Rep. Debbie Wasserman Schultz, the Florida congresswoman who heads the Democratic National Committee, bowed Wednesday to days of pressure from the party's two presidential candidates and agreed to schedule four additional debates over the next three months.
Two days after former Secretary of State Hillary Clinton and Sen. Bernie Sanders of Vermont finished in a virtual tie in the Iowa caucuses, Wasserman Schultz said the DNC had sanctioned the first new debate for Thursday at the University of New Hampshire in Durham, to be moderated by Chuck Todd of NBC News and Rachel Maddow of MSNBC.
Wasserman Schultz also scheduled a March 6 debate in Flint, Michigan, where city and state officials have faced a crisis over contamination of drinking water.
Two additional debates will be held, one in April and the other in May, on dates and at places to be determined. A person familiar with the discussions said California and Pennsylvania are under consideration as those two debate locations.
“I’m pleased to share exciting news on behalf of our two candidates,” Wasserman Schultz said in a statement. “As with our previous debates, town halls and forums, voters will have several more opportunities to see them share their vision for how to build on seven years of progress and keep America moving forward.”
The new events are in addition to two previously authorized forthcoming debates – Feb. 11 at the University of Wisconsin in Milwaukee and March 9 at Miami Dade College in Florida. There have already been four debates.
Democratic sources portrayed the agreement for more debates as the product of intense but friendly negotiations among the DNC and the Clinton and Sanders campaigns.
But the decision followed months of angry claims by Sanders supporters that Wasserman Schultz was limiting the number of debates because of her close ties to Clinton, which pre-date Wasserman Schultz’s service as co-chair of Clinton’s 2008 failed presidential campaign.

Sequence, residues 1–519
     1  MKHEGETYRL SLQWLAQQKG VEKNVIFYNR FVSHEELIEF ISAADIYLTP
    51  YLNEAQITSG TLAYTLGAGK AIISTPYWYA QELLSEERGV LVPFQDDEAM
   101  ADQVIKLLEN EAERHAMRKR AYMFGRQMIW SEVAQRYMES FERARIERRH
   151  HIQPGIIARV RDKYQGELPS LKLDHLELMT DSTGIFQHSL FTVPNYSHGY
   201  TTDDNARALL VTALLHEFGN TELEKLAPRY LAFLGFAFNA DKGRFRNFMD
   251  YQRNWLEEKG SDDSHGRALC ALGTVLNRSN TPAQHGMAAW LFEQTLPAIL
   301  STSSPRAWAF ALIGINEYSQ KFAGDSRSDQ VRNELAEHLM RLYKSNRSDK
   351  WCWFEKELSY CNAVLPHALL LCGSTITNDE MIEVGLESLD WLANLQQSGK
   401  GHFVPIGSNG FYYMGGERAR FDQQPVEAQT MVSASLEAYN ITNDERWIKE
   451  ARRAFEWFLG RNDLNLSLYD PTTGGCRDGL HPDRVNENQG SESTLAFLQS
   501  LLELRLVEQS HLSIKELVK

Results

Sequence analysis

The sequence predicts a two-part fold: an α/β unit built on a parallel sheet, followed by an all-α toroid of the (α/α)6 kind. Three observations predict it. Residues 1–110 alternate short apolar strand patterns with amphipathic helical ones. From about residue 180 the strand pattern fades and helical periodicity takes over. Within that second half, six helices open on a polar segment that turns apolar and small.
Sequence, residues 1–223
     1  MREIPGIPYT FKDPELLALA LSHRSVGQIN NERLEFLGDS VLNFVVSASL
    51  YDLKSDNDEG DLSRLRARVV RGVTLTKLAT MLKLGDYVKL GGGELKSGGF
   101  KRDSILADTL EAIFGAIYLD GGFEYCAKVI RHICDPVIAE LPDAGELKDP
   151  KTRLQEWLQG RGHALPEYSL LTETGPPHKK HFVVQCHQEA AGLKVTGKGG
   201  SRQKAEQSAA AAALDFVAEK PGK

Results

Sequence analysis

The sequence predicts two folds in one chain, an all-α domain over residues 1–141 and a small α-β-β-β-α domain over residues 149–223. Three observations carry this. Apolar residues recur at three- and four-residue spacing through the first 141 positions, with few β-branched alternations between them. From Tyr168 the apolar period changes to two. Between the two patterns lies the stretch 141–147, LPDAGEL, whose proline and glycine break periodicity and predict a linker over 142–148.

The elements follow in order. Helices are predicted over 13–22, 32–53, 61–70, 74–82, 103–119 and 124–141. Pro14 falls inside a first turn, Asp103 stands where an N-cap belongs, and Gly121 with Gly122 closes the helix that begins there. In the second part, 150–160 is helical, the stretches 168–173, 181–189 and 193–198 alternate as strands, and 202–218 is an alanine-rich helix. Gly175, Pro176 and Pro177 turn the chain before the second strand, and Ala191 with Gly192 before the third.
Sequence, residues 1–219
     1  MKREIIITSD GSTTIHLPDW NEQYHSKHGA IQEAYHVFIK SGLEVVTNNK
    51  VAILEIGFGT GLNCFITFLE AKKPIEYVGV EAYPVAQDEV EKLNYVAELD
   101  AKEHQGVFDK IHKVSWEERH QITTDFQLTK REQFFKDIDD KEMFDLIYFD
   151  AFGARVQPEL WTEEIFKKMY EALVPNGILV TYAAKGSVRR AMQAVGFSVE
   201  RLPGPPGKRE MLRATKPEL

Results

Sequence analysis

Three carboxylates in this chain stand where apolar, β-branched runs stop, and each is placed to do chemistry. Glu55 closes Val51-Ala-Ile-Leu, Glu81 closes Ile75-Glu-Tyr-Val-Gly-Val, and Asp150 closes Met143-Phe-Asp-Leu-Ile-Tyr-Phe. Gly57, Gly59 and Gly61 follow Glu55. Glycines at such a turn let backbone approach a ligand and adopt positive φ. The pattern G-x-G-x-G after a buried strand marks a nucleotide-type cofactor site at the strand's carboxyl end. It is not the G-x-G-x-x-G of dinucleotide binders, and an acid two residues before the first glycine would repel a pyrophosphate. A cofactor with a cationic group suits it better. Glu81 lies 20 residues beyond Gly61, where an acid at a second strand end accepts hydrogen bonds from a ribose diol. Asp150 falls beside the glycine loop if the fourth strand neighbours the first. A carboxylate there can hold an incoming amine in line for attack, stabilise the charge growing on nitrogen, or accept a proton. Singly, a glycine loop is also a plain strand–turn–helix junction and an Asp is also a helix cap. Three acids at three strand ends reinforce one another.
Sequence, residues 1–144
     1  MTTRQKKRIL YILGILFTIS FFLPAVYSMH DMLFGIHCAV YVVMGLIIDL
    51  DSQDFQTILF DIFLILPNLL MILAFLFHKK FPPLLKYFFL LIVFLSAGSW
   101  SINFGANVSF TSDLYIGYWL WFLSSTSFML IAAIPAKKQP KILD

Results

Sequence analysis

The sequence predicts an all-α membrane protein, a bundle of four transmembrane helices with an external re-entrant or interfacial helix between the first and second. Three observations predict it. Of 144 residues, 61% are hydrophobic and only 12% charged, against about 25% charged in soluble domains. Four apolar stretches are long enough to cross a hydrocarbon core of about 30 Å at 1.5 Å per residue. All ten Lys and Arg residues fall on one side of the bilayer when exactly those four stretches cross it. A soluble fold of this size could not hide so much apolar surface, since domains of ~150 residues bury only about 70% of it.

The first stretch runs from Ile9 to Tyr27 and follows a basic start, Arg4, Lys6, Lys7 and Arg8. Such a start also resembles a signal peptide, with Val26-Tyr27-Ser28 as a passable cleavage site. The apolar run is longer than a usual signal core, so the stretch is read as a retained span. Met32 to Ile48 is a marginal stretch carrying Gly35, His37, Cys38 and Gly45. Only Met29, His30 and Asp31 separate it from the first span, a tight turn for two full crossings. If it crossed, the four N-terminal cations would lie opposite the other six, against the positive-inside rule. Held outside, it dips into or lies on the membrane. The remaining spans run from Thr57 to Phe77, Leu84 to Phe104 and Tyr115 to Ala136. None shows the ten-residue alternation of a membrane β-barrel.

Dick Harpootlian, a prominent criminal defense lawyer in Columbia, South Carolina, and former chair of that key Southern state’s Democratic Party, said the addition of more debates reflects panic among Clinton and Democratic figures who support her in the wake of Sanders’ unexpectedly strong challenge.
“Hillary was against having more debates, now she’s for debates,” Harpootlian told McClatchy. “This is what’s wrong with our party. The minute she’s in trouble, they decide they need more debates. If she had done much better in Iowa, there wouldn’t be more debates.”
Harpootlian, who endorsed then-Sen. Barack Obama in his winning primary battle against Clinton, added: “The party establishment is hardwired for Hillary to be the nominee. Many of these folks on the DNC go back 20 or 30 years with the Clintons. They were not for Barack Obama. They are not for change. And I think it’s a problem. There is a strong populist, anti-establishment sentiment in both parties this year, and I think that’s healthy. It’s good for the country.”
Wasserman Schultz pushed back at assertions that her original debate schedule was designed to benefit Clinton, with some scheduled on weekends when viewership would be low.
“Our debates have set viewership records because of our candidates’ ideas, energy and the strength of their vision,” Wasserman Schultz said.
A source close to the negotiations among the DNC and the two campaigns said they required a delicate balancing of dates and locations to ensure that Clinton and Sanders would not have to break previous appearance commitments and would not be off the campaign trail for long.
James Rosen: 202-383-0014; Twitter: @jamesmartinrose